A Student Publication of Mt. San Antonio College in Walnut, CA


A Student Publication of Mt. San Antonio College in Walnut, CA


A Student Publication of Mt. San Antonio College in Walnut, CA


Why I Stopped Shopping at Victoria’s Secret

Stop with the glitter and start with the fit
Lauren Berny and Jessica Roberson show off their two different branded bras. Photo credit: Lauren Berny.

One of the most talked about events that I would always hear my friends mention was the Victoria’s Secret Fashion Show. I remember specifically not wanting to watch it because of how my body was, and had always been like. I’ve never been a size 0, and having a thicker, chubby body at a young age really took a toll on how I saw myself.

I have memories of not only skipping the show, but also on how I felt walking into the actual stores. I always tell myself how it’s going to be different this time, and that today I’m going to love my body. Once my clothing comes off in the dressing room, I feel exposed and vulnerable, regardless on the fact that I’m alone in a stripped, pink room.

As I try on the lingerie that is supposed to make me feel beautiful and sexy, I can’t help but despise every roll I see on my body. Their stuff isn’t meant for girls like me. All the extra strings that are supposed to wrap around my body only cut into my skin and form an ugly shape. This trip is the same as all of the others. I always swear to myself that I’m never stepping foot into the store again.

In a way, I’m kind of upset that it took me so long to stop buying from Victoria’s Secret and learn that there are better options out there. My first experience with Aerie was when I went to New York in the summer of 2016. I noticed the big American Eagle store in the middle of Times Square, so I walked in, never having been inside the store.

Aerie is the lingerie brand of American Eagle, and for me, it is a very body positive brand. The store was located on the entire top floor of the building. Once I reached that level, I was shocked. Simple was the first thing that came to mind. I’ve never been a fan of glitter and strings with obnoxious patterns on it, I love simple. I didn’t buy anything that night with the fear of not being able to close my suitcase, but I told myself that I needed to find an Aerie close to me, and I did.

With their new campaign #AerieReal, they brought women of all different shapes and sizes to model for their website. Finally, I’m not seeing posters of a body that not many people see everyday. I’m seeing women who actually look like me and and my curves.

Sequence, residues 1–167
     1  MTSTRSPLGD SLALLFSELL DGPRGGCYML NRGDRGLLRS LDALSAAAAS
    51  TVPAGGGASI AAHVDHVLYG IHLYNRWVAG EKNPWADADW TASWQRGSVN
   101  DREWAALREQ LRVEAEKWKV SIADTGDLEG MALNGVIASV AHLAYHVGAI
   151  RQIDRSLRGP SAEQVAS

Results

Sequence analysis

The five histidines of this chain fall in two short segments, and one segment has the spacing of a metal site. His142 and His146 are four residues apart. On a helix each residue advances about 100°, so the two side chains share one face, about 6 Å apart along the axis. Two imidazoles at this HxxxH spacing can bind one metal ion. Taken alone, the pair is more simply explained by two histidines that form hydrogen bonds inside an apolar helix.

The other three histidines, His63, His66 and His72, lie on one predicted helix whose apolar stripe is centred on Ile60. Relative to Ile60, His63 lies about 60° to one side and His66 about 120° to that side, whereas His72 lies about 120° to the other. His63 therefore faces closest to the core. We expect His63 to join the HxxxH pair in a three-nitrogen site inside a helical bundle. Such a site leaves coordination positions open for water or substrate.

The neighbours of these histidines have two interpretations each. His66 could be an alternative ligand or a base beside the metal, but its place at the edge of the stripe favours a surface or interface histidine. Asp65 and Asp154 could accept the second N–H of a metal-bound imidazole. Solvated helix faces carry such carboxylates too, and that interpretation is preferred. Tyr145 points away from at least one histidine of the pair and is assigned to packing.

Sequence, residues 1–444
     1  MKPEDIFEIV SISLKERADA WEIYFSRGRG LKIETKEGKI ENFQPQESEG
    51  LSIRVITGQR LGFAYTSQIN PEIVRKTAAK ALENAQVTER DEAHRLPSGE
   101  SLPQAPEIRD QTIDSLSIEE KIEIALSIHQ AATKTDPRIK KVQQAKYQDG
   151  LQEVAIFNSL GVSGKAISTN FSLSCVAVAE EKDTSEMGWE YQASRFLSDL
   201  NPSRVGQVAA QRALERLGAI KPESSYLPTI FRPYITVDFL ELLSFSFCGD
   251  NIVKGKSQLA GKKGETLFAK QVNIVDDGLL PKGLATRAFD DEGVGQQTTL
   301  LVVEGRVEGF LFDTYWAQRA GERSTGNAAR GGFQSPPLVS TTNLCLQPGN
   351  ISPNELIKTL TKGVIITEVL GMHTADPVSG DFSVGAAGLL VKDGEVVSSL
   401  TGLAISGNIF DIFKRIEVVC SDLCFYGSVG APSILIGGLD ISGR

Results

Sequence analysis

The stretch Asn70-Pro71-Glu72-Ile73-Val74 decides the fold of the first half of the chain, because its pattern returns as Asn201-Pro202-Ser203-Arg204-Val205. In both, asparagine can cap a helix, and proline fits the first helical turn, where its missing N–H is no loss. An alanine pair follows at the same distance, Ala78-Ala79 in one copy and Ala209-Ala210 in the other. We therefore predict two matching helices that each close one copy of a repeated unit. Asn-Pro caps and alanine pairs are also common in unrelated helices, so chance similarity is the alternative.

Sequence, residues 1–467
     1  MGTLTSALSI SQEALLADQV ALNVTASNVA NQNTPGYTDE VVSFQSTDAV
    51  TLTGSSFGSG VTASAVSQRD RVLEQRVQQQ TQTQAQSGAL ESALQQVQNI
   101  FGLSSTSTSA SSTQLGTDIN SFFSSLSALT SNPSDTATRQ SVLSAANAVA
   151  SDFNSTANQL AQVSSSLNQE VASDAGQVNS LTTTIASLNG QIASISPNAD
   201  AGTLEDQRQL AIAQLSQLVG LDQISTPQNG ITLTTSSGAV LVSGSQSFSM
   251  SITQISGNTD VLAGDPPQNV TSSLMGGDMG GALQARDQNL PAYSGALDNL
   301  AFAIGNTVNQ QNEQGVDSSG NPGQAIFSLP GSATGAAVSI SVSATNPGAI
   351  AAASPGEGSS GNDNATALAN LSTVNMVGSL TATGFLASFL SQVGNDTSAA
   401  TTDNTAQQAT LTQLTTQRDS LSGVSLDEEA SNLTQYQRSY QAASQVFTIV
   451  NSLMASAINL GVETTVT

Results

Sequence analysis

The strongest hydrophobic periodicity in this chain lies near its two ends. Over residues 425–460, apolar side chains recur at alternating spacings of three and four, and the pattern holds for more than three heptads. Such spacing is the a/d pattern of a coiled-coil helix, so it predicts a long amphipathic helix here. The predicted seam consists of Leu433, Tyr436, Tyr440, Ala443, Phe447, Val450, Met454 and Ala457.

The minute I stepped into a dressing room, I felt a warm, comforting sensation go through my body. Written on the mirror is an inspirational quote, saying that the most important thing to do to love yourself on the outside is to love yourself on the inside.

As I started to try on the clothes that can make anyone either feel sexy, beautiful, or vulnerable, I wasn’t upset. Not by a long shot. In fact, I loved how each article of lingerie hugged my curves in the most flattering way, and how I didn’t have a poster of a size 0 model to compare my thick body to. For the first time ever, I loved seeing myself in something I never thought I would ever be comfortable in.

When it comes to shopping for lingerie I feel like many people choose to shop at Victoria’s Secret because of how long the company has been in the industry, and how impactful it has been to women and men all over the world. Just because it’s been around for a while doesn’t mean we need to continue to shop there.

According to Business Insider, of the main reason why the stores have been closing down is because of not conforming to the “#MeToo” era and its lack of change.

Other than the physical lingerie, comments about the fashion show made me feel really uncomfortable. According to Out Magazine, Ed Rezek, chief of marketing officer for L Brands, which owns Victoria’s Secret, said that “trans models ‘don’t belong in the fantasy’ of a Victoria’s Secret fashion show.” No one deserves to feel like they are not welcome in a community that should be uplifting and inspiring.

I don’t want my lingerie company making awful remarks to anyone who is trying to feel beautiful. I think that with the multiple locations closing their stores, we are moving in the right direction. With less outrageous body standards being set and more realistic bodies being seen, I think people will begin to feel more confident in their own skin.

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About the Contributor
Andy Lizarraga
Andy Lizarraga, Author
Andy Lizarraga is the Arts & Entertainment Editor for SAC.Media.

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